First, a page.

Wireshark-dev: Re: [Wireshark-dev] guint8* and gchar* ... and Vim ?! :)
From: Sebastien Tandel <[email protected]>
Date: Thu, 14 Dec 2006 22:14:55 +0100
Hi  Guy,
 
Thanks for this quick answer.

The purpose was clear : get rid of these warnings. They clearly come
from calls to g_FUNC which take as parameters gchar*. Every functions
from glib working on string take gchar* as parameter and wireshark uses
a lot of them. (I should have be more accurate)

When taking the example of the array of 8-bit bytes ... I agree with you
for the use of guint8*. And gcc won't output a warning because I'm using
guint8* with ptv_get_ptr() or ptv_memdup.

However talking about strings, I think using guint8* is confusing the
coder as gchar* is (should be) clearly something pointing to an array of
character. (And furthermore it creates a lot of warnings with gcc-4.0
blabla ... :)) What's behind gchar*, to know, the character encoding
(ASCII, UTF-X, ISO8859, ...), is out of the scope (for the current coder
point of view) even if I agree with you for the API handling string (In
fact, it could be a standalone project). It will give the ability to the
coder in wireshark to handle correctly all the character encodings for
strings but ... until now we don't have the API to do this but we know a
type which is called gchar* (defined by glib which is used by wireshark)
... why then using guint8*?


Regards,
Sebastien Tandel

Guy Harris wrote:
> Sebastien Tandel wrote:
>
>   
>>    is there any reason to use guint8* instead of gchar*?
>>     
>
> For what purpose?
>
> If you're dealing with an array of 8-bit bytes, or a pointer to a 
> sequence of those, guint8 is the right type; it makes it clear that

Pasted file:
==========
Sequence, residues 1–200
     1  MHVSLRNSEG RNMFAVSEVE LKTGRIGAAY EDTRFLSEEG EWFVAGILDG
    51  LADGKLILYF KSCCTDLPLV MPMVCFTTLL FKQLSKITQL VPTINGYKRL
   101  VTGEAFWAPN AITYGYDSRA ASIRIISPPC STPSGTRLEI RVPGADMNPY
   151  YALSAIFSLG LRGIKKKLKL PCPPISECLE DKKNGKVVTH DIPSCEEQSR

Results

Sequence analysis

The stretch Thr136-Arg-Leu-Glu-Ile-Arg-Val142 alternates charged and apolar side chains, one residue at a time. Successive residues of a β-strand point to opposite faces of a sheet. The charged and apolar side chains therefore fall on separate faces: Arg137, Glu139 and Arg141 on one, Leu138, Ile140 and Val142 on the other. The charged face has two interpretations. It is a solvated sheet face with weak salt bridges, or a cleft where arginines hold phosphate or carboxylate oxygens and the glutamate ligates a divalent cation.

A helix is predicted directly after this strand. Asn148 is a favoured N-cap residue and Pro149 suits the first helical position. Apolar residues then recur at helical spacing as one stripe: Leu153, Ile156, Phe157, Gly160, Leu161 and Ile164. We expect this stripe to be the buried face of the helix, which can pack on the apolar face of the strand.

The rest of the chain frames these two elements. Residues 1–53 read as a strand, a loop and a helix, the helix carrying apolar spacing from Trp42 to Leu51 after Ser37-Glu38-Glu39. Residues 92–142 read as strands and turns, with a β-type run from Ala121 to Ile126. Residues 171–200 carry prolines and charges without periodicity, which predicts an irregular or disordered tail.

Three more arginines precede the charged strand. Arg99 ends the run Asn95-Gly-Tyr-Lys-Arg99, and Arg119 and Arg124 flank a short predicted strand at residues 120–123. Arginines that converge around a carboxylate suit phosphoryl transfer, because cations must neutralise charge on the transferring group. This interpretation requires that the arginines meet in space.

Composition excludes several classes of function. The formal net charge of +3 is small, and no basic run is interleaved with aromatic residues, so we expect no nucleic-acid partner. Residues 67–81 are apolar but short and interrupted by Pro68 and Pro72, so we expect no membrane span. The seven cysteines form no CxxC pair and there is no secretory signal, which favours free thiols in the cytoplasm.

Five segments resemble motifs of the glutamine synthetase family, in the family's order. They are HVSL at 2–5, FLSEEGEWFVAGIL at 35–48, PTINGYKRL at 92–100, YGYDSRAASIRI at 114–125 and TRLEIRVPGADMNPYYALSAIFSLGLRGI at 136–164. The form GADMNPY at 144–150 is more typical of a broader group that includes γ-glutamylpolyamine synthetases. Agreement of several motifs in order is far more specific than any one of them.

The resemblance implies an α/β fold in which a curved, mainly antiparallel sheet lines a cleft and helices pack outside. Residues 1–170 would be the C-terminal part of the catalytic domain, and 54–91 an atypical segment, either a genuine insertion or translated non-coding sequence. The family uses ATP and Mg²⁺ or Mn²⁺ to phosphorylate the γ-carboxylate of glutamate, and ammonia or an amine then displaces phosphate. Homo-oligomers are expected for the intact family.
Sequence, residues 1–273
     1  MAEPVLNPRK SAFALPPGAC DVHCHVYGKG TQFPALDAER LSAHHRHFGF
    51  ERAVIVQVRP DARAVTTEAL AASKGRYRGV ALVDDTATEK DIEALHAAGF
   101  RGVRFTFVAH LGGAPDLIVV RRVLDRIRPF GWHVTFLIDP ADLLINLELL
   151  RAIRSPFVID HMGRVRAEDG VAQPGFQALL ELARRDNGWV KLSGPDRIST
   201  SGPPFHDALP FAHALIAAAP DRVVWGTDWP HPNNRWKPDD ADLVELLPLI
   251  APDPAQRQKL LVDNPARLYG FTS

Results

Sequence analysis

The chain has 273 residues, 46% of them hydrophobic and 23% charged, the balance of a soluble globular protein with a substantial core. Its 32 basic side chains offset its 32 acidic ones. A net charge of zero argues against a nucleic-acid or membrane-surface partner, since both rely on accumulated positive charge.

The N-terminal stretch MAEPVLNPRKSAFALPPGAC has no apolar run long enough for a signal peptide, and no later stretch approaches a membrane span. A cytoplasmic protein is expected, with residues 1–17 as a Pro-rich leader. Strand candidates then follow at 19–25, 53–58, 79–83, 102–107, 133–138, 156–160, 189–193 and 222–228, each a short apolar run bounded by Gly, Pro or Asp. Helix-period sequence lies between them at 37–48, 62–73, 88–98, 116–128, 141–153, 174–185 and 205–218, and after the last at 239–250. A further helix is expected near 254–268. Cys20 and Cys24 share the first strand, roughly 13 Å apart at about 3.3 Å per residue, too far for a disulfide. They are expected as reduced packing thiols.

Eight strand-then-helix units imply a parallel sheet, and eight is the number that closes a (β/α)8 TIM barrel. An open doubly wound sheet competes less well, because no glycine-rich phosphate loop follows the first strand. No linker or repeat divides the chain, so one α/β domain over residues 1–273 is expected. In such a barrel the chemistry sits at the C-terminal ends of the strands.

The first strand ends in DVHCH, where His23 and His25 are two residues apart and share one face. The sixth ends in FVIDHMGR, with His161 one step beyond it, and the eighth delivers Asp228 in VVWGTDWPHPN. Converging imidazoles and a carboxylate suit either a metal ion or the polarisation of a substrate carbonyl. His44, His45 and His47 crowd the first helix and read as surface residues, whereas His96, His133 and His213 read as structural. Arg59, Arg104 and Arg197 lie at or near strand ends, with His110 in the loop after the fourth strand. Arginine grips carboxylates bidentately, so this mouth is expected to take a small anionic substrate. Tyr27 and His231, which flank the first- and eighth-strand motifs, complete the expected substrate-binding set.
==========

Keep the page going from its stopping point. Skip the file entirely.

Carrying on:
> they're bytes, not characters (it might be binary, it might be a 
> sequence of 16-bit "bytes" in a UTF-16-encoded string, it might be a 
> UTF-8 string, etc.).
>
> I.e., tvb_get_ptr(), for example, should return a "guint8 *", as should 
> tvb_memdup(), and the raw packet data you get from Wiretap should be 
> pointed to by a "guint8 *".
>
> Note also that you can safely pass a guint8 or guchar to one of the 
> <ctype.h> routines, but you can't safely pass a gchar to them, as they 
> might get sign-extended into negative values if the 8th bit is set (I 
> think that none of the popular platforms for Windows and modern UN*Xes 
> have C compilers with "char" an unsigned type, so I think "might" can be 
> replaced by "will" in practice).
>
>   
>> With gcc-4.0, there is the new feature warning you that "pointer target
>> differs in signedness" (which is not such a bad thing).
>>     
>
> I suspect most of those warnings are for cases where you're treating 
> byte sequences as character strings.
>
> What I think we *really* need to do, for those cases, is have a 
> different way of handling strings.  The current way we handle strings 
> doesn't take into account the fact that there are a number of different 
> character encodings for strings - "ASCII" (which would imply that a byte 
> with the 8th bit set is an error), ISO 8859/n, other EUC encodings, 
> Shift-JIS, KOI8, UTF-8, UTF-16, etc..
>
> See the first item under "Dissector infrastructure" on the
>
> 	http://wiki.wireshark.org/Development/Wishlist
>
> page.  (That discusses two items - the dissector APIs for handling 
> strings, and the UI aspects of this.  The former doesn't require the 
> latter - we can continue to display non-ASCII characters as escape 
> sequences - but the latter, which is something we should ultimately do, 
> requires some way of getting all strings from packets translated into 
> Unicode.)
>
>   
>> May we change these guint8* to gchar* ? I mean may we change the type of
>> the concerned variables and not cast to every call of a function ?
>>     
>
> Which ones are you thinking of?  We shouldn't globally replace guint8 
> with gchar, as per my comments in the beginning.
>   
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